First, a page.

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New Alien Video Shines (Photoshopped) Light on UFO Hoaxers

The latest alleged close encounter is of a new kind: Paranormal researchers, NASA geeks and even skeptical magicians all agree that the invasion of extraterrestrial evidence has gone over the edge with digital manipulation. Why that's not good for skeptics or believers—and why you've been watching a fake of a fake for almost a week.
Bryan Bonner's mock video used DIY digital effects and a store-bought costume to show how easy it would be for Stan Romanek to fake his evidence of alien life. The fake, pictured at left, was released the day before a news conference when an actual still from Romanek's footage was released (right), though bloggers have picked up the Bonner footage as the "real" thing. (Stills via the Rocky Mountain Paranormal Research Society and the Rocky Mountain News)

f real life were anything like a sci-fi movie, Stan Romanek might just hold the future of mankind in his hands. Judging from his own (now very public) accounts, Romanek has had a staggering amount of contact with extraterrestrials. He has photographed a so-called flying orb emblazoned with what appears to be a face. He has met aliens in person, and drawn sketches of their vast eyes and swollen craniums. And late last week, Romanek stirred up a Web frenzy by showing a room full of reporters in Denver a brief clip of what he says is an alien peering into his window.

Clearly, this is no coincidence.

Many of the legions of UFO believers and spotters—whether driven by publicity, paranoia or hope—have taken a single suspicious photo. Some have reported an abduction or two. But for one man to have such a voluminous (and diverse) history of close encounters with nonhuman intelligence, you'd think Romanek had been chosen as Earth's unlikely ambassador to the stars. That, or he's coming out with a movie.

In what amounts to a bizarre new kind of viral marketing, the footage screened on Friday—to be included in an upcoming documentary about Romanek's experiences—is also part of a ballot initiative to create a commission that would formalize contact with aliens. The man heading that effort, 54-year-old Jeff Peckman, has a curious political track record running parallel to his extraterrestrial PR. In 2003, he campaigned for an initiative to reduce Denver's collective stress levels, using such measures as group meditation and the playing of sitar music in public buildings. But Peckman's efforts to promote Romanek's footage have been considerably more successful, garnering national headlines and an appearance on Larry King Live. And the hyperbole is frustrating the already combative cult of UFO followers, skeptics and believers alike.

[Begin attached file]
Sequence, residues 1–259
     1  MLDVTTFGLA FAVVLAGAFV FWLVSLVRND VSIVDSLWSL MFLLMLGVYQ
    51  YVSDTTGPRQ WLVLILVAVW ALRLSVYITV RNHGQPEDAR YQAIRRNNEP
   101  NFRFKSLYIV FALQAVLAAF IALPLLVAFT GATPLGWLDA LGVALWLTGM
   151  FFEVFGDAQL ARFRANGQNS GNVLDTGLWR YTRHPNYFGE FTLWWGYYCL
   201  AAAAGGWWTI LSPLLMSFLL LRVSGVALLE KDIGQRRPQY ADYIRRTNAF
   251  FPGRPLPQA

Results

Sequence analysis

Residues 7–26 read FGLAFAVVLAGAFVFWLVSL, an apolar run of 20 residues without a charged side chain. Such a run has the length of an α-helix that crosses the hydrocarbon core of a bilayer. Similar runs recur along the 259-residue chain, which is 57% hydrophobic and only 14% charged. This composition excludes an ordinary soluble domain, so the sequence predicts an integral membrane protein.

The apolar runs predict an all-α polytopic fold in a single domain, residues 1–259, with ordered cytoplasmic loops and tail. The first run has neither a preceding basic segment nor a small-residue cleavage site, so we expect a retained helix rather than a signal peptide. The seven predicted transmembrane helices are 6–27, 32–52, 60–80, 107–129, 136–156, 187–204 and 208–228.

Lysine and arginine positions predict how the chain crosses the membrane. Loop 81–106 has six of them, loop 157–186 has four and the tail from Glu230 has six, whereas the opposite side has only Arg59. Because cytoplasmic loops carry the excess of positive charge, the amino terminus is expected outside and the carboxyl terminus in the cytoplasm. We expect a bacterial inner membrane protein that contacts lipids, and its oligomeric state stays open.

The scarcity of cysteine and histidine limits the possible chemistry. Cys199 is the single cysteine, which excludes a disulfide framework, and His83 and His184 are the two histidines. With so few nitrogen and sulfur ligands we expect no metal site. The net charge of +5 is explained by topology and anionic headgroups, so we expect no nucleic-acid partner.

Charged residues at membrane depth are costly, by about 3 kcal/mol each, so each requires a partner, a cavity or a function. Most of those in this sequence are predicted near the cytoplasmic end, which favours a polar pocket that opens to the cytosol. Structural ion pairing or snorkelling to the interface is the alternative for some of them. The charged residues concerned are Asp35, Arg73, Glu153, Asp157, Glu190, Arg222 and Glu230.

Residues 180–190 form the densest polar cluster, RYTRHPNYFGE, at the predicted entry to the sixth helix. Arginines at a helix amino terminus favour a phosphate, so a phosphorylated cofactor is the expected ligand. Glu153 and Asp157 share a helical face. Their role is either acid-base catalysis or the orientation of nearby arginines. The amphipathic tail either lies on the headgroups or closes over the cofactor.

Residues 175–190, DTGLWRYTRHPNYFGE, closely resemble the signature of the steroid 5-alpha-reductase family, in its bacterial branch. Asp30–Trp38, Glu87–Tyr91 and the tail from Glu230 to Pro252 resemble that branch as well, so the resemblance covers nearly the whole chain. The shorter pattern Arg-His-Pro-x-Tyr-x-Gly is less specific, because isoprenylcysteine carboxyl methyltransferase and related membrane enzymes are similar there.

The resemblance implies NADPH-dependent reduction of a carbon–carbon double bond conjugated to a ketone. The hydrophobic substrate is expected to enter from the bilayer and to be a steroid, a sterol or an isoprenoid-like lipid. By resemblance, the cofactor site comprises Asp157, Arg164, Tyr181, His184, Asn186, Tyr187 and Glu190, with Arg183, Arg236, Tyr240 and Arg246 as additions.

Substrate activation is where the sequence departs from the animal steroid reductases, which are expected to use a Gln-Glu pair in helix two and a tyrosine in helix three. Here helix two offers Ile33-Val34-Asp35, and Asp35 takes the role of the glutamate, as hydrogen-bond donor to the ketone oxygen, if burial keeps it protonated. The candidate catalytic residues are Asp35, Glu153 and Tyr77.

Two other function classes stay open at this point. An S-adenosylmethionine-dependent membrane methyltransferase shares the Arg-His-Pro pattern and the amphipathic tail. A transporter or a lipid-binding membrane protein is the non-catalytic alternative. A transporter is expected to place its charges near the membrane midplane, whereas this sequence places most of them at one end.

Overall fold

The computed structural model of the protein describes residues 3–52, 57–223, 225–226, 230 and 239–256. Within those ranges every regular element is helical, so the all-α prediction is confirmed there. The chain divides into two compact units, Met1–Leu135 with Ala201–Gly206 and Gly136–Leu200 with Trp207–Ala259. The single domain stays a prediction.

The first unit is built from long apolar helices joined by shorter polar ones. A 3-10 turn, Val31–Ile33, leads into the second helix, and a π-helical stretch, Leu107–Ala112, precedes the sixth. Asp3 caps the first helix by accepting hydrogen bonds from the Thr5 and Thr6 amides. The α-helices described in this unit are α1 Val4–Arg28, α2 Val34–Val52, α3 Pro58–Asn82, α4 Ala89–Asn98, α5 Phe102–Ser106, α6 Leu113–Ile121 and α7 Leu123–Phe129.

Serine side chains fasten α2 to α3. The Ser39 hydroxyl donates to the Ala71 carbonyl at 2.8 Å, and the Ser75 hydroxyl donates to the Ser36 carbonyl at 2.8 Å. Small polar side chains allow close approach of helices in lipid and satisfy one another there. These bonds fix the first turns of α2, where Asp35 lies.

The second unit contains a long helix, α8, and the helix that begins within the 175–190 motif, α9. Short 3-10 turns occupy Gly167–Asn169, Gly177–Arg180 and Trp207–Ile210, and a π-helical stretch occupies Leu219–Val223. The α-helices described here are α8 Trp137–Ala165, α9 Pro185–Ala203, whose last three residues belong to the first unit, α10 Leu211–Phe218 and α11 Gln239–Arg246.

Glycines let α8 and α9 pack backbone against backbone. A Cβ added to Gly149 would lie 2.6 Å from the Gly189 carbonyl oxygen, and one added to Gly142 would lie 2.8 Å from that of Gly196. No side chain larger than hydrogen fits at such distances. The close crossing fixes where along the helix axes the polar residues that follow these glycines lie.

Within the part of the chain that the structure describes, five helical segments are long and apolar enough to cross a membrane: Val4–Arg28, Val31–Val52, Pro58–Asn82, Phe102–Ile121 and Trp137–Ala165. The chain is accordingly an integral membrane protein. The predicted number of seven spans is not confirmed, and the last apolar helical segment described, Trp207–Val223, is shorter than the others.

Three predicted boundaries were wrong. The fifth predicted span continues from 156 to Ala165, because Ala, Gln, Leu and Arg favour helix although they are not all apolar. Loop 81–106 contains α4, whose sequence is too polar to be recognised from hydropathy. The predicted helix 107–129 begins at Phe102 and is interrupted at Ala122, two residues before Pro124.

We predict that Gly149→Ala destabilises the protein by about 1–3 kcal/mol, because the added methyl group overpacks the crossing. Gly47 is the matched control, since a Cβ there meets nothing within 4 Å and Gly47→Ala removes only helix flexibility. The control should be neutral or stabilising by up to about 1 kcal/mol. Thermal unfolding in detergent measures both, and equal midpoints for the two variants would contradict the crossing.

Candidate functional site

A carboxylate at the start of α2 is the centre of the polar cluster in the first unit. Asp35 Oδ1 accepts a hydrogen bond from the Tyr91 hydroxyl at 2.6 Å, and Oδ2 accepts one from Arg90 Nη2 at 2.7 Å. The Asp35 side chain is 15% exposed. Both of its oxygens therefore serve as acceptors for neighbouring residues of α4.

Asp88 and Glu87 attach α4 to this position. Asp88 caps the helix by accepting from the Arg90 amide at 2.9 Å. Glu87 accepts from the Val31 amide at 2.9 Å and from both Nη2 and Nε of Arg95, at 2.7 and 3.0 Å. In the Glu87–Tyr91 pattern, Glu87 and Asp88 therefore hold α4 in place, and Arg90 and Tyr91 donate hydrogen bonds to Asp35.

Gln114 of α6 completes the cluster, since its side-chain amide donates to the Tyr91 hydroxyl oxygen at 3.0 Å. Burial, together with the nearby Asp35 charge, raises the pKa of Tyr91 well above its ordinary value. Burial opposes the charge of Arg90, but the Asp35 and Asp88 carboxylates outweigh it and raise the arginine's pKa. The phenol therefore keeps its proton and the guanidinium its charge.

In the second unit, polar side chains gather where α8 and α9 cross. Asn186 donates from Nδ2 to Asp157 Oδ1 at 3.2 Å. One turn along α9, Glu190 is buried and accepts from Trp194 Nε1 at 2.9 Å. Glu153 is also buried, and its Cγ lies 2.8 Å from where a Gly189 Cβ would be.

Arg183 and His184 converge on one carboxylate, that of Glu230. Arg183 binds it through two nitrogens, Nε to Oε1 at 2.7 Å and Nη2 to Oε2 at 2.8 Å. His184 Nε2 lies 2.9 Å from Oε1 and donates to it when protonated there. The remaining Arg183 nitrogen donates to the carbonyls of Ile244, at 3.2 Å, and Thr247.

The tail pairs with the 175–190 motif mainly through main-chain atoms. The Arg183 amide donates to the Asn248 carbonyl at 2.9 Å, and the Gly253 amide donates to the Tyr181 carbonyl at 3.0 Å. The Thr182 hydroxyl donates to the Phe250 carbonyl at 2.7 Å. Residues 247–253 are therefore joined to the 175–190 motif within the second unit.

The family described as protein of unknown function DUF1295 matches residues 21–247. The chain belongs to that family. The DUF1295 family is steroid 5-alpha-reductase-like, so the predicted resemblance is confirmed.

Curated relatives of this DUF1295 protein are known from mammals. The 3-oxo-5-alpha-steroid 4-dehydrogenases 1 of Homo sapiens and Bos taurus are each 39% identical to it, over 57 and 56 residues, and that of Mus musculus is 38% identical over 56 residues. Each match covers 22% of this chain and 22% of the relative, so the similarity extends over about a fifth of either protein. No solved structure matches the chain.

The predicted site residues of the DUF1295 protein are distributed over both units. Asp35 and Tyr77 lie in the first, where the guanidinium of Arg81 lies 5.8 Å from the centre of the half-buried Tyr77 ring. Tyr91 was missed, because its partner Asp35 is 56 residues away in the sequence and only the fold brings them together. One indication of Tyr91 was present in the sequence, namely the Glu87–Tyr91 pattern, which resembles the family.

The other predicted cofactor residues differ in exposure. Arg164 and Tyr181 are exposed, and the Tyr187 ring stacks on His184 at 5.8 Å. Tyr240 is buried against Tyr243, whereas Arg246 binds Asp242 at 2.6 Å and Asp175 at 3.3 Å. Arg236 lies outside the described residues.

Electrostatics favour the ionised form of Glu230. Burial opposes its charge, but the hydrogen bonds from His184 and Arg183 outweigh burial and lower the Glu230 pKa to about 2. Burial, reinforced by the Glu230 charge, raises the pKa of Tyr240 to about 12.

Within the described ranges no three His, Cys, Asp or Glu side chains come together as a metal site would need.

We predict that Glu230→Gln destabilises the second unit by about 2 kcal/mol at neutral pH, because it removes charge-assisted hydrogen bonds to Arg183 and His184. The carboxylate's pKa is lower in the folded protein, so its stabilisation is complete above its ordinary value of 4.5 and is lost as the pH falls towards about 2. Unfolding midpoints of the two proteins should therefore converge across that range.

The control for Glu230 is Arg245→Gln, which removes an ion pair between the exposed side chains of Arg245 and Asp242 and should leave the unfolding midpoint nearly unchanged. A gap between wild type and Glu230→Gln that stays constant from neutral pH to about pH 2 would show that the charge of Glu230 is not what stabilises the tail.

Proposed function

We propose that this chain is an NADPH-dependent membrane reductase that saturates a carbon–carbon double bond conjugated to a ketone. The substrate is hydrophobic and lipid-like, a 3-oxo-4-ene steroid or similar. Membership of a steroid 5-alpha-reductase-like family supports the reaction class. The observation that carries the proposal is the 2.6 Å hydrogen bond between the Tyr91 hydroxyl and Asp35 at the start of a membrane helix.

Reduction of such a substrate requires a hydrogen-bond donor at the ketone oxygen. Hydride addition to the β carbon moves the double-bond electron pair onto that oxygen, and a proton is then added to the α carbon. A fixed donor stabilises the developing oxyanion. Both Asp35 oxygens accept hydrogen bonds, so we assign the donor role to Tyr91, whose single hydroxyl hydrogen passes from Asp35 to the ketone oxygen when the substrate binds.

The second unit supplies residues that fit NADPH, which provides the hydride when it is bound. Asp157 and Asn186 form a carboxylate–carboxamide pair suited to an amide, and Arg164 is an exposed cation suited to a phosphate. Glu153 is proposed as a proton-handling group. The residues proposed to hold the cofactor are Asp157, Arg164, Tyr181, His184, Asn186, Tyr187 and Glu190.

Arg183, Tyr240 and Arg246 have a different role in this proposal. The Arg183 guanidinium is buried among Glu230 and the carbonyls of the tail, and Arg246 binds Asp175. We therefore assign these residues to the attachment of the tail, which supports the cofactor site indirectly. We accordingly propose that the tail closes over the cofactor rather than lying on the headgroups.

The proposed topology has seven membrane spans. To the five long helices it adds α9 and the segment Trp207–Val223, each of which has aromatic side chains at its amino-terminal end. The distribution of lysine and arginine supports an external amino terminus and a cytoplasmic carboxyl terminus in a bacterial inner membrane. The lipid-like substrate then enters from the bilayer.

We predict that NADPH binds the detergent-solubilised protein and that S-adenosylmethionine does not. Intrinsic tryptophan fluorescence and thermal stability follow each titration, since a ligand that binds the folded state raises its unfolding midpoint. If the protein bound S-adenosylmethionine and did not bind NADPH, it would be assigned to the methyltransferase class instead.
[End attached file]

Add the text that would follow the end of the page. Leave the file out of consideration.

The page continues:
"We saw this guy trying to pass off things that looked paranormal as something related to aliens," says Bryan Bonner, head of the Rocky Mountain Paranormal Research Society, which has been recreating Romanek's photos and videos for several years—to disprove him. That's because the same type of evidence once used by paranormal scientists to indicate the presence of ghosts is now being doctored by amateurs as proof of alien life.

Neither Romanek nor Peckman responded to requests for comment for this article, but their new footage—for now reduced to a single night-vision still image they've made public—and the ensuing fakes, headlines and hysteria have shed light on what researchers monitoring the field say is an increasing trend of hoax hype in a digital age.

The Watchdogs of Photoshopped Fame

Bonner and his team of investigators, who specialize in reports of haunted houses, actually saw the video months ago, when he says it was making the rounds in the UFO community as Peckman was garnering interest for a 4000-signature ballot initiative to start an Extraterrestrial Affairs Commission in Denver. "It sparked our interest, but he seemed like another nut off the street," Bonner remembered. "Then he says he has evidence."